Ashkenazi Jews, sulfur gases, and ulcerative colitis

Jimmy Levine, Julie K. Furne, Michael D Levitt

Research output: Contribution to journalArticlepeer-review

10 Scopus citations


Fecal pathogens have been suspected to cause ulcerative colitis, yet none have been identified. Meanwhile, the 400 species comprising normal colonic flora have received little attention as potential pathogens. Sulfate-reducing bacteria (SRB), a frequent colonic commensal, have been identified in greater numbers in people with ulcerative colitis. The bacteria produce hydrogen sulfide, a toxic compound with the potential to cause colonic injury and possibly ulcerative colitis. If these bacteria are pathogenic, high-risk populations may harbor greater numbers of these organisms in their colons. We compared a group with a high incidence of ulcerative colitis, Ashkenazi Jews, to a control population to assess carriage rates for SRB. Breath samples were collected to indirectly determine colonic conditions. No difference was found between the two groups studied.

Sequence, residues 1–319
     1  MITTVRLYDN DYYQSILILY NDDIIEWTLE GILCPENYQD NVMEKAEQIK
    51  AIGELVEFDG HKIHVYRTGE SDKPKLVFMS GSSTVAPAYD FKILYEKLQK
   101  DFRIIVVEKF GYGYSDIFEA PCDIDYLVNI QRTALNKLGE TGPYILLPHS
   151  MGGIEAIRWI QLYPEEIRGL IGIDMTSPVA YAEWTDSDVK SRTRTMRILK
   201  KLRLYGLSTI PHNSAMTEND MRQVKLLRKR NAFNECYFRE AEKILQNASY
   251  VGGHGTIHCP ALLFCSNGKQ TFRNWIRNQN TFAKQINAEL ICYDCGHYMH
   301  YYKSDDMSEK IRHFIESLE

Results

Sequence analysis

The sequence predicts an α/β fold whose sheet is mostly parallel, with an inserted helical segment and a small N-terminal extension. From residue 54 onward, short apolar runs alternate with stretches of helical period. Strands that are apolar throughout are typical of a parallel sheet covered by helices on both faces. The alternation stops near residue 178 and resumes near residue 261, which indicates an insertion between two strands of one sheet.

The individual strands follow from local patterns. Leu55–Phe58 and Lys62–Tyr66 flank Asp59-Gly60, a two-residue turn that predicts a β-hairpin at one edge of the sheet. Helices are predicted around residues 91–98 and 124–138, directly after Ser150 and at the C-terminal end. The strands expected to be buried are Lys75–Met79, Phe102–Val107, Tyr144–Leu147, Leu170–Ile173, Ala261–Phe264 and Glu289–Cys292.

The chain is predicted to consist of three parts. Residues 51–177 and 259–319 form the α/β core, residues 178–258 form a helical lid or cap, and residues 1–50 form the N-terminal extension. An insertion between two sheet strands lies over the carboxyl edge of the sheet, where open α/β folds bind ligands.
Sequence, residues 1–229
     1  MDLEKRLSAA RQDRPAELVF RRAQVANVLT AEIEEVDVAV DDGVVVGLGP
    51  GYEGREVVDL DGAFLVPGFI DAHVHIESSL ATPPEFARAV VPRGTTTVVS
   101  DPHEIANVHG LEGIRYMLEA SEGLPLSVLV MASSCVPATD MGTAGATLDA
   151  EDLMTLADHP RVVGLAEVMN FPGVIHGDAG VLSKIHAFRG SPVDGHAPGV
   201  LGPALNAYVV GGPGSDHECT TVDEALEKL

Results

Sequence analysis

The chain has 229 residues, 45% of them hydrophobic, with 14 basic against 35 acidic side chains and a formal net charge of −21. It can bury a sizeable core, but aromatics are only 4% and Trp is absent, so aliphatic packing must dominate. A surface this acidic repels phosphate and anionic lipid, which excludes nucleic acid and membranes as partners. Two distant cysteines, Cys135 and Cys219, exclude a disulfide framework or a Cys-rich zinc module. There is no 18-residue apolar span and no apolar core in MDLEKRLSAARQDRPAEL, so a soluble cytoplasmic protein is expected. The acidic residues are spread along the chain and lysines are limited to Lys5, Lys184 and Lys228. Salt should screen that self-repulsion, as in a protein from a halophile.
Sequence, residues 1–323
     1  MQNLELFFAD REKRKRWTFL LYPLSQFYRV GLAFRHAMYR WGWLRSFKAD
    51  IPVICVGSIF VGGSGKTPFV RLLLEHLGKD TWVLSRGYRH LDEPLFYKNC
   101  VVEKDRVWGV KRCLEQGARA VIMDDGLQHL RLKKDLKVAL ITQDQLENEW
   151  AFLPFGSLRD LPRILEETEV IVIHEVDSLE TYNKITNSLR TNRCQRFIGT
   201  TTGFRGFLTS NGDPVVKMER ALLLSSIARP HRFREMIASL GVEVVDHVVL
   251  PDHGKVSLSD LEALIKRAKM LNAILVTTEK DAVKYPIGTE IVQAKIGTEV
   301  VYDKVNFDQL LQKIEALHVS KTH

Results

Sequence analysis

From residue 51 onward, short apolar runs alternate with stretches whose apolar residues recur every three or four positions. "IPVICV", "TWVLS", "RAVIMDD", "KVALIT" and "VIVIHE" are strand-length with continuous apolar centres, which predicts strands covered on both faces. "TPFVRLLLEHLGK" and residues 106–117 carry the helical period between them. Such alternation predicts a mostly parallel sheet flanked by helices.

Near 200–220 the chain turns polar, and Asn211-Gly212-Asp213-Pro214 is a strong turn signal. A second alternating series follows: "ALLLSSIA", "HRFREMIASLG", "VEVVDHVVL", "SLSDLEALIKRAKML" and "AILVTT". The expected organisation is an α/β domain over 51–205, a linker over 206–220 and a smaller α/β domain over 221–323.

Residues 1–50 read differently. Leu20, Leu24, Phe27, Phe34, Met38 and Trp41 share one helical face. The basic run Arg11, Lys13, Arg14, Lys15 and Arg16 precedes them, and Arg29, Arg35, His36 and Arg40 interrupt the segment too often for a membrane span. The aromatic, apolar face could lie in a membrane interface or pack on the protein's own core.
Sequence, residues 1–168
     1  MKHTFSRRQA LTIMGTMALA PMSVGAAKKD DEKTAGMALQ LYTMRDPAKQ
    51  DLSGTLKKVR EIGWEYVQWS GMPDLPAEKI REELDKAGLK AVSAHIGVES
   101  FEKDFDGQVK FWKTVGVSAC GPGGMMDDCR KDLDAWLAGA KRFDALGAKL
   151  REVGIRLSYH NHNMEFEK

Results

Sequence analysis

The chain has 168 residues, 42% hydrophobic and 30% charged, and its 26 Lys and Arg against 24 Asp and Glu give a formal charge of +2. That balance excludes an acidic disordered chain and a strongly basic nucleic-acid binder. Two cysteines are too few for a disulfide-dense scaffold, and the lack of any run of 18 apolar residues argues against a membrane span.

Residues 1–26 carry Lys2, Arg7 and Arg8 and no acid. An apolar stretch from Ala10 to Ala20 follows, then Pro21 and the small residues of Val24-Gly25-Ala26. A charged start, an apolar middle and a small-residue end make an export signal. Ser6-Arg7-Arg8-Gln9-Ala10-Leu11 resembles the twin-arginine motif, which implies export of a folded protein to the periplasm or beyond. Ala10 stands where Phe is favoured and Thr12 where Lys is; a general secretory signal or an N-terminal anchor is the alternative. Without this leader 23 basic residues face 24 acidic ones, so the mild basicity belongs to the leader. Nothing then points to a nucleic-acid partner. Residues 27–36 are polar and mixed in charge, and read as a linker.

Original languageEnglish (US)
Pages (from-to)288-291
Number of pages4
JournalJournal of clinical gastroenterology
Issue number4
StatePublished - Jun 1 1996


  • Ashkenazi Jews
  • Hydrogen sulfide
  • Methane
  • Sulfate reducing bacteria
  • Ulcerative colitis

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